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Archive for the ‘Business’ Category

Big Telecom Blocks Attempt to Bring $15 Broadband To Covid Victims

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Karl Bode reports in Vice:

A Judge has sided with the broadband industry and barred New York State from offering discounted broadband to those struggling during the COVID crisis.

The order by US District Judge Denis Hurley imposes an immediate injunction on New York State, barring it from enforcing the Affordable Broadband Act (ABA), a new state law requiring ISPs provide 25 megabits-per-second broadband for no more than $15-per-month to those struggling financially during the pandemic.

The broadband industry immediately filed suit against the effort, claiming New York was barred from regulating broadband thanks in part to the Trump administration’s 2017 net neutrality repeal. The Trump FCC claimed the repeal would boost job growth and investment in the telecom sector, yet data shows neither actually happened.

Instead, the repeal left the FCC ill-equipped to protect consumers during an economic crisis by eroding much of the agency’s consumer protection authority under the Communications Act. At telecom sector request, the repeal also attempted to ban states from being able to step in and fill the consumer protection void left by an apathetic federal government.

Both broadband experts and previous court rulings have argued that when the Trump FCC gave up its authority over broadband providers, it also gave up its right to tell states what to do. Still, the broadband industry continues to use the repeal as the basis of lawsuits undermining state efforts to hold US telecom giants accountable or pass state net neutrality laws.

Judge Haley sided with industry, proclaiming that providing discounted broadband to poor Americans struggling during Covid would impose “unrecoverable losses” on the hugely profitable and heavily monopolized broadband industry.

“Beginning June 15, 2021, Plaintiffs will suffer unrecoverable losses increasing with time, and the enormity of the matter—six plaintiffs with multiple member organizations attacking a statute affecting one-third of all New York households—portends a lengthy litigation,” the Judge wrote.

Dana Floberg, a telecom expert at consumer group Free Press, stated that the Biden administration could lend a hand by properly staffing the FCC and reversing the Trump administration’s net neutrality repeal.

“The path forward to reining in exorbitant internet prices is clear,” she said. “We need an FCC empowered with the legal authority to investigate and intervene in the market, and we need a long-term benefit to support internet adoption for low-income people.”

Under the law, the party in control of the White House enjoys a 3-2 partisan majority at the FCC. But the Trump administration’s rush appointment of Trump ally Nathan Simington to the agency last December left the agency intentionally gridlocked at 2-2, incapable of obtaining a majority vote on any issues of controversy.

Despite this, the Biden administration has been in no rush to appoint a new commissioner or reverse the net neutrality repeal. More than fifty consumer groups and union organizations wrote the administration this week asking for more urgency in the matter.

“Restoring the FCC’s Title II authority over broadband would give the agency the strong, flexible toolbox it needs to curtail unjust and discriminatory practices, including unreasonable pricing schemes, while avoiding the pitfalls of rate-setting,” Floberg said.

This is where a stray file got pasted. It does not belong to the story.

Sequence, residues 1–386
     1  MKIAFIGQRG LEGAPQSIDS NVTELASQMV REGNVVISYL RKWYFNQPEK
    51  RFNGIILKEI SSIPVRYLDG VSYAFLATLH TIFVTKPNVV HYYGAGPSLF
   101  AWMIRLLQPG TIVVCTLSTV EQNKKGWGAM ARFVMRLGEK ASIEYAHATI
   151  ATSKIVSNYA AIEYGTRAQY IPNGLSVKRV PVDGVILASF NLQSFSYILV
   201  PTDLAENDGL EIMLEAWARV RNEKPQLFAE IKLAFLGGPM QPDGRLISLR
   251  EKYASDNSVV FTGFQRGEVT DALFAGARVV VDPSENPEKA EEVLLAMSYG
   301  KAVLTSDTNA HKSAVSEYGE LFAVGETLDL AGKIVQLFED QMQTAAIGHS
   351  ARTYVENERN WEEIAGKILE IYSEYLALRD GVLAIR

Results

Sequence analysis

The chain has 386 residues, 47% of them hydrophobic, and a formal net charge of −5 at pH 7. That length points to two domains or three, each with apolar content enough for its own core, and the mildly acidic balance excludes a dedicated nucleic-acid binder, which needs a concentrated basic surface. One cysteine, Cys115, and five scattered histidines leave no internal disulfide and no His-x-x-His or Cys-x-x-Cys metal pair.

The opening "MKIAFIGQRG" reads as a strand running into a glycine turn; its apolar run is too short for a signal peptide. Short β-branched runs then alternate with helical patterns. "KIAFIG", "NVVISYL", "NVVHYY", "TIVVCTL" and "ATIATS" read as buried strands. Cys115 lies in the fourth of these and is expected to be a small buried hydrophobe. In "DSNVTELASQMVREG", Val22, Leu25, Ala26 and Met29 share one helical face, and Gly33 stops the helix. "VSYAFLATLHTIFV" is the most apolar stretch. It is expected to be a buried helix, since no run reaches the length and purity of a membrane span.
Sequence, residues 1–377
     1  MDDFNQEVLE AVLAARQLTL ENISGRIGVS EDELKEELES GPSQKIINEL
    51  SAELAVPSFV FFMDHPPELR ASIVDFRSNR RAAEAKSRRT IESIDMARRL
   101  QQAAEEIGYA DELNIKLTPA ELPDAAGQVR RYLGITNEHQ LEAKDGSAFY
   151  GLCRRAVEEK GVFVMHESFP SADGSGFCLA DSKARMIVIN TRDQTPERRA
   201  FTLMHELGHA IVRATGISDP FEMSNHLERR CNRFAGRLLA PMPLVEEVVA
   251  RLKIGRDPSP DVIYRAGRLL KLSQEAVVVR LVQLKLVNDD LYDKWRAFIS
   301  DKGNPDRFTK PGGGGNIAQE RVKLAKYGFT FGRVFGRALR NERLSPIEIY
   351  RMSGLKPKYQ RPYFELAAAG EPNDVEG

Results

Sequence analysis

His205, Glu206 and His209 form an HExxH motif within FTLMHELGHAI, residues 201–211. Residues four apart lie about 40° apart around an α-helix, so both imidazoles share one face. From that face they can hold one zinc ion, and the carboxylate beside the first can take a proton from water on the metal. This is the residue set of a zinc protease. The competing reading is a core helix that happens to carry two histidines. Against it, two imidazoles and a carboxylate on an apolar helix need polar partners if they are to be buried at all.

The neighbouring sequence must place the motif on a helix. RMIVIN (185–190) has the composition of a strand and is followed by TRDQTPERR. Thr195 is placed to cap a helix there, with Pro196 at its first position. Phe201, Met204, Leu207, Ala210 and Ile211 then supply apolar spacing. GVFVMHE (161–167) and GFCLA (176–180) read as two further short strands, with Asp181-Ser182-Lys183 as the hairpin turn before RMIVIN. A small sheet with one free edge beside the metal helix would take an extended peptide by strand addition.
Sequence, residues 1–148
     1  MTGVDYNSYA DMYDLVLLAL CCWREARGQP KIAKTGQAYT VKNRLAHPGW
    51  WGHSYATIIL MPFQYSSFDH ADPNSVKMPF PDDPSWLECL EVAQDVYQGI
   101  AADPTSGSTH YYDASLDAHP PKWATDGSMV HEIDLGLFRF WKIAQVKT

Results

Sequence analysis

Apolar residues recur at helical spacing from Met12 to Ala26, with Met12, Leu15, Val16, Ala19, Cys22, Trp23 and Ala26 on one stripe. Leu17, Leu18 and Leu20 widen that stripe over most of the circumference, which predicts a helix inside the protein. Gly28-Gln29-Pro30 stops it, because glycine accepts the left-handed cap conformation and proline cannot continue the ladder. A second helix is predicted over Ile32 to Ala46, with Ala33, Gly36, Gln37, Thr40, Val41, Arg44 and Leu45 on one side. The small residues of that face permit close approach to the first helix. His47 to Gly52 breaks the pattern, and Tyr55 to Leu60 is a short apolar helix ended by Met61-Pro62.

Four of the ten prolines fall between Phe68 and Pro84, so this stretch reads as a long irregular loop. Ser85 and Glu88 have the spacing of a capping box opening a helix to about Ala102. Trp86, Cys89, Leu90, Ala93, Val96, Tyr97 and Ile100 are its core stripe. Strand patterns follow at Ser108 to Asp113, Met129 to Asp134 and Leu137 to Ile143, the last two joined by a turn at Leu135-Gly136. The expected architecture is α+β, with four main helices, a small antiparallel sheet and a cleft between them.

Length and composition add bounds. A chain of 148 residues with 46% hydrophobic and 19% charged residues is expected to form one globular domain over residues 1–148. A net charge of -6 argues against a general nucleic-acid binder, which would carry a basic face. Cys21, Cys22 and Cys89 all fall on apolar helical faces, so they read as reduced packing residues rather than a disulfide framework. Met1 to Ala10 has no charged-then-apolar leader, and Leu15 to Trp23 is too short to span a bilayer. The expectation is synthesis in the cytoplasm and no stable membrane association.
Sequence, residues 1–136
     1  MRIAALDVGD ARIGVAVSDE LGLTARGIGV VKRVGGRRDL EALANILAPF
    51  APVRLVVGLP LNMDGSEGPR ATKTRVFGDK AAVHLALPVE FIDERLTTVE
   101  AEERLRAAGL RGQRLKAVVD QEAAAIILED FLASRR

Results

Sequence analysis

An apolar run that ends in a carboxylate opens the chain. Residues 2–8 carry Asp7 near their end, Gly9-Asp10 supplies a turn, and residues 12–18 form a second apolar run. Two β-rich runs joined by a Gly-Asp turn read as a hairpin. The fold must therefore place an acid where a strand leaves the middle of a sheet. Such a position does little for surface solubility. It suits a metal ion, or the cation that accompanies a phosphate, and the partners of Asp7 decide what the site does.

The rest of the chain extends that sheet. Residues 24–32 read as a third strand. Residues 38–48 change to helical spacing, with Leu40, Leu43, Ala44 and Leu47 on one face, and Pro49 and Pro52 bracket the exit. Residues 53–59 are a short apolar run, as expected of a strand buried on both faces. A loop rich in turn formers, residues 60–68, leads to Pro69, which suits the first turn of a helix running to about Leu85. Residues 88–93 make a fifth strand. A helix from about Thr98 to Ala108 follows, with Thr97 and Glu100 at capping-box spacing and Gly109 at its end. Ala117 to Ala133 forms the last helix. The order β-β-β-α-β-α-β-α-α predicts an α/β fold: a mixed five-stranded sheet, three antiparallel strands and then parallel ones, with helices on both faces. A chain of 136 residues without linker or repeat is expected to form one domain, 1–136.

Cable and broadband providers routinely engage in all manner of dodgy pricing practices, from the use of . . .

Continue reading.

Written by Leisureguy

15 June 2021 at 3:47 pm

Some Hospitals Kept Suing Patients Over Medical Debt Through the Pandemic

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There is something deeply wrong with the US healthcare system. Jenny Deam reports in ProPublica:

Last year as COVID-19 laid siege to the nation, many U.S. hospitals dramatically reduced their aggressive tactics to collect medical debt. Some ceased entirely.

But not all.

There was a nearly 90% drop overall in legal actions between 2019 and the first seven months of 2020 by the nation’s largest hospitals and health systems, according to a new report by Johns Hopkins University. Still, researchers told ProPublica that they identified at least 16 institutions that pursued lawsuits, wage garnishments and liens against their patients in the first seven months of 2020.

The Johns Hopkins findings, released Monday in partnership with Axios, which first reported the results, are part of an ongoing series of state and national reports that look at debt collections by U.S. hospitals and health systems from 2018 to 2020.

During those years more than a quarter of the nation’s largest hospitals and health systems pursued nearly 39,000 legal actions seeking more than $72 million, according to data Johns Hopkins researchers obtained through state and county court records.

More than 65% of the institutions identified were nonprofit corporations, which means that in return for tax-exempt status they are supposed to serve the public rather than private interest.

The amount of medical debt individuals owe is often a small sliver of a hospital’s overall revenue — as little as 0.03% of annual receipts — but can “cause devastating financial burdens to working families,” the report said. The federal Consumer Financial Protection Bureau has estimated medical debt makes up 58% of all debt collection actions.

The poor or uninsured often bear the brunt of such actions, said Christi Walsh, clinical director of health care and research policy at Johns Hopkins University. “In times of crisis you start to see the huge disparities,” she said.